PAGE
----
Monthly Archives:July 2019

Just hours before Nepal was hit by a massive earthquake killing more than 1800 people, Matthew Graves posted photographs of the country’s intact, picturesque buildings.


“The Nepali Lifestyle”, the Sydney man captioned his Facebook photo album from Pokhara on Saturday.

A day later, his worried family are anxiously waiting for news the 24-year-old is safe following the devastating quake.

The director of web and marketing company Perspective Promotions was due to return to Australia in May after more than two months of travelling through India and Nepal.

Images captured his journey through Nepal’s mountains and historic temples, many of which now lay in ruins after Saturday’s 7.8 magnitude earthquake.

His brother, Mitch Graves, is at home in Sydney waiting for news while their parents are overseas in America.

“They (parents) are coping as well as they can,” Mitch told AAP.

“They are doing what they can with the resources they have to find him.

“It’s a bit of a struggle trying to communicate to everyone. It is a waiting game at the moment.”

Mitch said his brother was on a trip for both work and leisure.

“He was meant to be in Nepal for another five days and then go over to India,” Mitch said.

“He is by himself so there isn’t anyone we can speak to.”

The family have listed Mr Graves as missing on The Red Cross’s Family Links website.

There are dozens of Australians reported missing on the list, but the Department of Foreign Affairs and Trade is yet to release a statement about any nationals who may have been caught up in the disaster.

Initially measured at 7.5 magnitude, the quake was later adjusted to 7.8, with a depth of 15km, the USGS said.

It hit 73km east of the tourist town of Pokhara.

“It’s crazy how Chelsea is not winning more than one trophy this season,” he told Singapore’s Straits Times on Sunday.


“Any coach in the world would be happy to have the 22 players at Chelsea. There’s experience and quality in every position — even the substitutes are outstanding.”

Chelsea sit nine points clear at the top of the standings and need just six points from their remaining six games — starting with a trip to London rivals Arsenal later on Sunday — to clinch a first league title since 2010.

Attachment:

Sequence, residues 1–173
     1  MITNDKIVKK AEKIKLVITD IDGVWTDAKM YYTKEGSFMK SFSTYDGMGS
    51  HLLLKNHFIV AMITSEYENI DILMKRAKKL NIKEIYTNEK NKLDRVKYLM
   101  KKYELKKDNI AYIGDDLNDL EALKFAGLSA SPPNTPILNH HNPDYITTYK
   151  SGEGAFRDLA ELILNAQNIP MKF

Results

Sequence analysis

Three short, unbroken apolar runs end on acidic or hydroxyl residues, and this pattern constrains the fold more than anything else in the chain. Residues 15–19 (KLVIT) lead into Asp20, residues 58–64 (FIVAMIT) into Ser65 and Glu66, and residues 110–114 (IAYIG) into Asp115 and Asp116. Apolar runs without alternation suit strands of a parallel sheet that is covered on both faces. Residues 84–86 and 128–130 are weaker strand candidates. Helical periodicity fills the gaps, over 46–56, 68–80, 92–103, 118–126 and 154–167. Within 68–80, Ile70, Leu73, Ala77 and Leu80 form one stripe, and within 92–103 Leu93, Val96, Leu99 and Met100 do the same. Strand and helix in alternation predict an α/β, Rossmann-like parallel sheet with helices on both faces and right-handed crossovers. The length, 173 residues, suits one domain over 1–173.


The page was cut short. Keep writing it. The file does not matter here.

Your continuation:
Jose Mourinho’s side were imperious at the start of the year with new signings Diego Costa and Cesc Fabregas impressing alongside Eden Hazard amid talk of a quadruple of titles.

But the Blues were stunned 4-2 at home by third tier Bradford City in the FA Cup and were dumped out by Paris St Germain in the Champions League last 16.

Frenchman Leboeuf, who won two FA Cups, the now defunct UEFA Cup Winners’ Cup and the League Cup during his five-year spell at the club from 1996, overlooked Chelsea’s 2-0 win against Tottenham Hotspur in the final of the League Cup in March.

Whether it was forgetfulness or merely a low opinion of the least regarded of the four titles on offer, the World Cup-winner told owner Roman Abramovich to sign his compatriot Raphael Varane to avoid another early European exit.

“To Abramovich, please go and buy Raphael Varane,” said Leboeuf, who also won Euro 2000 with France.

“He’s just 21 and not getting regular football at Real Madrid. The kid is just what they need to add steel to the defence so the mistakes we saw against PSG won’t be repeated.”

(This version of the story fixes spelling of Leboeuf throughout)

(Writing by Patrick Johnston. Editing by Ian Ransom)